This rigidity and quiet makes for a much better long-term relationship,
since the trucks will beat you up and shake themselves apart less.
While GM did not supply the uber-power needs of the few by supplying
a V6, it certainly gave the many a much better deal with the I-4 and I-5
2800 I-4 delivers more horsepower (175) and torque (185) than other competing
four-cylinders, while the Vortec 3500 I-5 has horsepower (220) and torque
(225) that's better than or comparable to competitors’ base-level
Those peak numbers do not adequately describe the skills of these engines,
since they both deliver solid, smooth juice right up the power curve.
The I-5 naturally delivers more grunt, but the I-4 does very well by the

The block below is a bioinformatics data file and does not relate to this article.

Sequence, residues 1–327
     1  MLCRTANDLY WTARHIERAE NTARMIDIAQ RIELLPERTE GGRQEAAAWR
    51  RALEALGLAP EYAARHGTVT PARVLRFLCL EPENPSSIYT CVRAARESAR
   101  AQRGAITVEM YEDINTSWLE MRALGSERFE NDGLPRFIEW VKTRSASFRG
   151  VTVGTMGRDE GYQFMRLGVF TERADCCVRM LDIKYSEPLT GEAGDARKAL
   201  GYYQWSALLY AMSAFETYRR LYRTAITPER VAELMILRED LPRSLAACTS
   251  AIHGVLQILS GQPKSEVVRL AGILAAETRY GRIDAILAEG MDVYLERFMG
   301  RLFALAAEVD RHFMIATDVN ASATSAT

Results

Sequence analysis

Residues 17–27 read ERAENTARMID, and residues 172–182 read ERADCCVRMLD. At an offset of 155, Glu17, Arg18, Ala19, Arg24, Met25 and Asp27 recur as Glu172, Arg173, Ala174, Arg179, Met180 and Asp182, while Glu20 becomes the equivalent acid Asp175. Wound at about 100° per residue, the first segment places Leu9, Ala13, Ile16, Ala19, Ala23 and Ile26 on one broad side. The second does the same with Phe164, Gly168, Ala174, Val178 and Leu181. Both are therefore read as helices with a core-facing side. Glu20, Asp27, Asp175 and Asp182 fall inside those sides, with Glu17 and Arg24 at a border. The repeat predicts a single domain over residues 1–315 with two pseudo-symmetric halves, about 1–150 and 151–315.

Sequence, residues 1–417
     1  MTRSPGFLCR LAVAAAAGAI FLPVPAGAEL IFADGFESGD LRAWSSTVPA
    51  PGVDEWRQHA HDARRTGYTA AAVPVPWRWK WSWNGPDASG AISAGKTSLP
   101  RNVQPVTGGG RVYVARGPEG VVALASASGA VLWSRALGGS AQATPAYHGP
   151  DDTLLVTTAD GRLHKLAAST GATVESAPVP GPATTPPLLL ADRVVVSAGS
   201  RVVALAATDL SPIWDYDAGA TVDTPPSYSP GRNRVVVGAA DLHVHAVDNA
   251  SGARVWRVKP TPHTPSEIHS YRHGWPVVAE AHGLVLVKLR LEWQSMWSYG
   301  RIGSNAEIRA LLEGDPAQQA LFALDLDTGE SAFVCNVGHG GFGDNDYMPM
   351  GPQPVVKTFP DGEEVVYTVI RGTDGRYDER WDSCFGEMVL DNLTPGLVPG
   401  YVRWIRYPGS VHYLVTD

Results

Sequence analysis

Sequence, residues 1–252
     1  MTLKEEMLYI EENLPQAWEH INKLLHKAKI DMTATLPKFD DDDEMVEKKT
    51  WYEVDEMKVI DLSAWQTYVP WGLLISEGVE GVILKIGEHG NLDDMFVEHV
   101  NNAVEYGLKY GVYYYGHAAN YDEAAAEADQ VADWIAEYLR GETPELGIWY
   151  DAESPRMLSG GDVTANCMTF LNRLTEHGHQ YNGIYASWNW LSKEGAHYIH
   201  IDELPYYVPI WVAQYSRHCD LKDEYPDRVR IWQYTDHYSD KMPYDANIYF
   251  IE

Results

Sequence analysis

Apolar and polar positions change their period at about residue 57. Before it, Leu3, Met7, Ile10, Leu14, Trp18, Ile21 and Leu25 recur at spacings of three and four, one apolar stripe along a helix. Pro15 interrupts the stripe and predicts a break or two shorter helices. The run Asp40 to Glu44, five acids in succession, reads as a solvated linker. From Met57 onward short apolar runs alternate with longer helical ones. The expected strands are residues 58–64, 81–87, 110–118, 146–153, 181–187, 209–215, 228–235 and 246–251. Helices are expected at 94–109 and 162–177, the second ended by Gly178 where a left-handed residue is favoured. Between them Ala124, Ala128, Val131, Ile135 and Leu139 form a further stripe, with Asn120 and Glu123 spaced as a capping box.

driver in most real world situations.
Indeed, if you're looking for a compact pickup with good fuel economy,
decent power and the ability to haul people or stuff on an irregular basis,
the I-4 with the standard five-speed manual shifter could suit you very
well. And GM is making more of an effort to provide front-wheel-drive
choices to the snow-deprived parts of the continent, so that's good news
for the folks who want an on-road vehicle.
not mean that GM has pulled back from the demands of the off-road warriors
or the folks who want a real work truck -- that payload issue notwithstanding.
There's still a daunting variety of bed, configuration, suspension and
payload to choose from.
But the feeling
remains that GM has now embraced the modern reality of the compact pickup
market -- that they're now mostly bought as personal use vehicles with
strong functionality features, rather than as work trucks with some creature
features added on.